So, Matt, you would recommend Chrome for a netbook?
 

David

Puritan Board Sophomore
I started using Chrome a few weeks ago, rather than Firefox. I've been a big fan of Firefox for years, especially for the plugins, but it has become quite bloated over time. What finally made me switch was the Adblock+ extension, my favourite ad blocker, becoming available for Chrome. It is still a little bit limited, but for the most part, does a great job.

It's also worth noting that the version of Chrome you download from the official site isn't the latest and greatest. There is a much newer version on the bleeding edge, but it may come at the price of stability. I haven't had any problems with it yet, and am really enjoying the benefits.

The official tool for unlocking the latest 'Dev' version of Chrome can be downloaded at Using the Channel Changer (Chromium Developer Documentation). Lifehacker also published The Power User's Guide to Google Chrome, a guide that might introduce a few Chrome features you didn't know about.
 

Matthew1034

Puritan Board Freshman
Chrome is fantastic on any netbook or laptop with a small screen (as it is super compact -- it takes about 4 add-ons to get FF about as compact). Also, it renders JavaScript incredibly fast. With StrokeIt, you can add mouse-gesture functionality to Chrome as well as to any version of Windows you use.

Chrome does lack in certain features (print formatting, configuration, etc.), but it is an excellent browser overall. Also, I have been very hesitant over the past few years regarding what kind of information I share with Google, but I've gotten to the point that any harm Google can cause with your info (knowing where you've been) is small compared to what harm ISPs and even Facebook cause.
So, Matt, you would recommend Chrome for a netbook?
Jeff, I do give a high recommendation for Chrome on a netbook, especially paried with StrokeIt (if you like mouse-gestures). I've been running Chrome beta on my Dell Mini 9 (Windows 7 Pro) for the last two months and it has become almost invisible in terms of how well it runs -- I never have any problems with it, it just does its job.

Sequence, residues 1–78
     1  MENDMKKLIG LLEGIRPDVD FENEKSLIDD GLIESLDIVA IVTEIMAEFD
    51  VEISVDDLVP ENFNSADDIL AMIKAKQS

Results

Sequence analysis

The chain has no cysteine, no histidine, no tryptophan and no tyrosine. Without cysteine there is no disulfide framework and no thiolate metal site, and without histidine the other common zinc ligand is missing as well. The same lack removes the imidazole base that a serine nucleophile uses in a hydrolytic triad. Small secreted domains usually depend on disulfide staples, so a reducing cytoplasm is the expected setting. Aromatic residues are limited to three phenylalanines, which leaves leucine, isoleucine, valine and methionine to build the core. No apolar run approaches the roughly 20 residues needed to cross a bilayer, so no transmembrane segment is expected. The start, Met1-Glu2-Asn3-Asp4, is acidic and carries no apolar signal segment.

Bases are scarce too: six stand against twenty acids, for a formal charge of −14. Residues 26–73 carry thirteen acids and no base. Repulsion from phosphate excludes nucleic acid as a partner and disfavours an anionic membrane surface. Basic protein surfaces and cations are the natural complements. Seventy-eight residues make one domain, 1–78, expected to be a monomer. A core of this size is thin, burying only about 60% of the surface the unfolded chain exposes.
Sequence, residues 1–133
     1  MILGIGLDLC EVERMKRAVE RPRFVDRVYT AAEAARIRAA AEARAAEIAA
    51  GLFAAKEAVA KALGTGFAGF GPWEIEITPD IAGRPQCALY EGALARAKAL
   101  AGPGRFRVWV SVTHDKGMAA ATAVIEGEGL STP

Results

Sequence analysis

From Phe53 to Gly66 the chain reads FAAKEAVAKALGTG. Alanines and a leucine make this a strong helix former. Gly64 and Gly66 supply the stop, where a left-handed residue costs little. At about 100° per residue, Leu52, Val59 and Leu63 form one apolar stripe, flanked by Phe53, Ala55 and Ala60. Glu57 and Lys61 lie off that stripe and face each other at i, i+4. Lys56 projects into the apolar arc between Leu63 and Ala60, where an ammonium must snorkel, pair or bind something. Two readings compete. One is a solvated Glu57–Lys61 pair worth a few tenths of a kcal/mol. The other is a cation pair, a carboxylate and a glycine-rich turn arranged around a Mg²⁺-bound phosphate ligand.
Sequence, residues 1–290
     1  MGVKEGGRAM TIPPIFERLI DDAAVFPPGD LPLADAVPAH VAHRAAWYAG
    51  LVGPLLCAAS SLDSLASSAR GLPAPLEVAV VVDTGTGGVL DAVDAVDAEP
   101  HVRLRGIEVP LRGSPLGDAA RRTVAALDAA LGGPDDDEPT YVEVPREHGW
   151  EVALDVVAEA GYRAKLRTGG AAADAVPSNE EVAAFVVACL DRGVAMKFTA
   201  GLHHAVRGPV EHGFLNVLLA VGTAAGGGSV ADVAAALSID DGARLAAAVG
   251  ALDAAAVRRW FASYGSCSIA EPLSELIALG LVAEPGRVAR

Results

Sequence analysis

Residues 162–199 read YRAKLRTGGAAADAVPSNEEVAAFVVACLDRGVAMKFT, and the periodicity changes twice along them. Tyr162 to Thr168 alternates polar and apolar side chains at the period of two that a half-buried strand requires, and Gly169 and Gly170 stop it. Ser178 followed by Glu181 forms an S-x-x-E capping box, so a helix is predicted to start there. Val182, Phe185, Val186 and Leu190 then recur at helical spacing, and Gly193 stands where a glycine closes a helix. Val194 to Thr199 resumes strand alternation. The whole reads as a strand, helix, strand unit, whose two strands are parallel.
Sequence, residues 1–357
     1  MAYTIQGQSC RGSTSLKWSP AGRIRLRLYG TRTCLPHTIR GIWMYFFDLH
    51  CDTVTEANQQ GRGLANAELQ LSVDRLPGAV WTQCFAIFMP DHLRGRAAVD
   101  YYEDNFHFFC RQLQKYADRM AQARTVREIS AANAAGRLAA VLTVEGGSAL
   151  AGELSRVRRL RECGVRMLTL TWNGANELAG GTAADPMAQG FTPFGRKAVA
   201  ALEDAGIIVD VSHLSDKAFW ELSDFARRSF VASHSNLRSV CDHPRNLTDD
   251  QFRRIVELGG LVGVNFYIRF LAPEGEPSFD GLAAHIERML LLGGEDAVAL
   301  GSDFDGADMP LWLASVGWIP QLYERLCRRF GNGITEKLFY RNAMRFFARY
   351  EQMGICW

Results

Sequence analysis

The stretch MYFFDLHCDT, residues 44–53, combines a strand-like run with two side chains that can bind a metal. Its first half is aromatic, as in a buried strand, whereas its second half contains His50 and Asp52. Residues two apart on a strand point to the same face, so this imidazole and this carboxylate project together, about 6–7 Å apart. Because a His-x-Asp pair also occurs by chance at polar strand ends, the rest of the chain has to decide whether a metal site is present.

When I need to print a shipping label through PayPal (or some other document), I just flick open IE for the task and that's it. Chrome 4 has a handy bookmark sync. feature which allows you to keep your bookmarks sync'd between desktop and laptop.

FTR, I'm not a Google fan-boy -- I've used Mozilla for the past couple years -- Google has just made a good product.

-----Added 11/3/2009 at 11:29:27 EST-----

There is a much newer version on the bleeding edge, but it may come at the price of stability.

The official tool for unlocking the latest 'Dev' version of Chrome can be downloaded at Using the Channel Changer (Chromium Developer Documentation).
David, is the "Dev" version the same as the beta available at FileHippo?
 

Ask Mr. Religion

Flatly Unflappable
Chrome is wicked fast, but until it has the ability to lock a tab in place and open all clicked links in a new tab (as I can do with a Firefox add-in Tab-Mix Plus), I cannot move to it as my main browser. I hate having to use extra keys or dragging a link to the link address field to accomplish the same thing I can do with a single mouse click using Firefox. It also annoys me that Chrome does not support the Wordsearch8 Instaverse utility so I can see popups of cited Scripture verses (a useful utility for PB since PB does not use RefTagger). Chrome does not support the Logos RefTagger pop-up for cited Scripture verses used on so many other blogs and discussion forums.

AMR
 

Matthew1034

Puritan Board Freshman
Chrome is wicked fast, but until it has the ability to lock a tab in place and open all clicked links in a new tab (as I can do with a Firefox add-in Tab-Mix Plus), I cannot move to it as my main browser. I hate having to use extra keys or dragging a link to the link address field to accomplish the same thing I can do with a single mouse click using Firefox. It also annoys me that Chrome does not support the Wordsearch8 Instaverse utility so I can see popups of cited Scripture verses (a useful utility for PB since PB does not use RefTagger). Chrome does not support the Logos RefTagger pop-up for cited Scripture verses used on so many other blogs and discussion forums.

AMR
Good critique. I'd love to lock, freeze, and reload-all my tabs, too! TMP was one of the must-have add-ons for FF.

Just to note, Chrome emphasizes the context menu to avoid add-ons, so to open any link in a new tab, you right click the link and the new tab option is at the top of the context menu, and the same can be done with bookmarks and the bookmarks bar. I used QuickDrag on FF and was used to just dragging links anywhere to open in a new tab, but now the right click thing works just as well -- just had to change my habit (which isn't fun).
 

David

Puritan Board Sophomore

Athaleyah

Puritan Board Sophomore
I use Firefox primarily, NoScript has saved me from malware a couple of times. This is in Ubuntu linux. When I boot Windows, which is rare, I normally use Chrome because my computer is especially slow in Windows.
 

jawyman

Puritan Board Junior
I just wanted to chime back in and thank you all for your responses. It is very helpful to read your critiques to make a better more educated decision.